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Friday, 15 September 2017

I'd Given Up On Being Dad... But Now I've Got Twins And They Make Me Cry Four Times A Day, Says An Exhausted (and VERY honest) George Clooney

George Clooney opens up about fatherhood
Via - Dailymail

On a bright morning at the Toronto Film Festival, George Clooney - in town to promote the new film Suburbicon, his first directorial effort since the ill-fated The Monuments Men in 2014 - has made it all of a yard into the Ritz Carlton Hotel room before he is showing baby photographs. 'Get a load of this!' he urges, beaming from ear to ear as he thrusts his mobile phone into my face. He is thinner than he was and has new-dad shadows under his eyes. But the source of his joy is immediately apparent in the two ridiculously adorable three-month-olds in the picture - a big, bonny boy chuckling mischievously into his open fist and a serene little girl with enormous doe eyes.



‘You can tell the boy from the girl, right?’ he chortles, looking fondly at the picture: it is the first time he has been separated from the two babies since they were born. ‘He’s twice the size she is. He’s a moose and she’s just this little tiny beautiful thing. They’re back in LA right now, and their mom sent these pictures this morning.’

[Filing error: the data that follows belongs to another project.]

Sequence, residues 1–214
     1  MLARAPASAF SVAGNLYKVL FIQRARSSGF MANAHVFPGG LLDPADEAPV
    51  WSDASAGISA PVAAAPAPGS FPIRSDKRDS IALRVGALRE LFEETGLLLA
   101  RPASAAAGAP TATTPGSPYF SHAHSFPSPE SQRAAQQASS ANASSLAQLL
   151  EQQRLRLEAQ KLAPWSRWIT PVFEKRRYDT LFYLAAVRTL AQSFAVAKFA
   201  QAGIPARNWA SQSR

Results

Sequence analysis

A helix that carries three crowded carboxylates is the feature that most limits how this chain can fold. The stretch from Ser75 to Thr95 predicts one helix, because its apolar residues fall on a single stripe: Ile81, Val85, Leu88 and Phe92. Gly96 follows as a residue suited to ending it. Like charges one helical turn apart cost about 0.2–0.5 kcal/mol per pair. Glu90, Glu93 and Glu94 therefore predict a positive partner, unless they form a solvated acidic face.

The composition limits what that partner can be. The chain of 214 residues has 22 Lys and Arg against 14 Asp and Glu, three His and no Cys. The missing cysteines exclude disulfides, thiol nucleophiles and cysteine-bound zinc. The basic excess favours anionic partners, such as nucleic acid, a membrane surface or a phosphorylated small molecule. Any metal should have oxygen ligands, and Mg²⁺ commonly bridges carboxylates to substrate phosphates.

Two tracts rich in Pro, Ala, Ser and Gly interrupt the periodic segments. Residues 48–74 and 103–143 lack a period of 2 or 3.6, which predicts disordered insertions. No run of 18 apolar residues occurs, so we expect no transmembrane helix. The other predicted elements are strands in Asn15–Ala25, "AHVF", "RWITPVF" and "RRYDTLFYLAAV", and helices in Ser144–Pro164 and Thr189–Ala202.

Amal and George arrive at the world premiere of Hail, Caesar! in Los Angeles
Ever the professional film-maker, he squints at the shot. ‘She takes a good picture,’ he nods in quiet approval.
The twins certainly look a happy pair. ‘They don’t cry,’ he says, proudly. ‘I cry more than they do. I cry four times a day right now, because I’m so tired. 
Hey, remember back when you were single, before you didn’t have to worry about keeping people alive?’

He sighs, trying, not especially successfully, to affect wistfulness for the time before his family came along. ‘Wasn’t that great?’ he asks.
He is joking, of course, with the nostalgia act. But later, over a cup of coffee, he agrees that since June 6 this year, when he and his wife Amal, 39, were joined by babies Alexander and Ella, his life has changed in ways he could not have predicted.
‘Although I wasn’t completely unaware of what life would be like,’ he puts in. ‘All my friends have kids and I’m godfather to about 20 of them, so I knew what I was in for. 
The surprise for me was how much more complicated twins is than just the one — it’s not just twice as much work, it’s more than that. And it’s not even so much work for me, because these two knuckleheads don’t even care that I exist right now!
‘All they want to do is eat, so I have nothing to give them except a bottle once in a while (expertly, he crooks his elbow to mimic picking up and feeding an infant) and they’re happy about that, but it’s mostly Amal for them at the moment. I don’t even really understand what’s going on.
‘And I have such admiration for my wife because she’s breastfeeding them and getting about two hours of sleep per interval, and the love they have for her is a sight to see and it’s beautiful.’
George Clooney and Amal Clooney walk the red carpet ahead of the 'Suburbicon' screening during the 74th Venice Film Festival earlier this month
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George Clooney and Amal Clooney walk the red carpet ahead of the 'Suburbicon' screening during the 74th Venice Film Festival earlier this month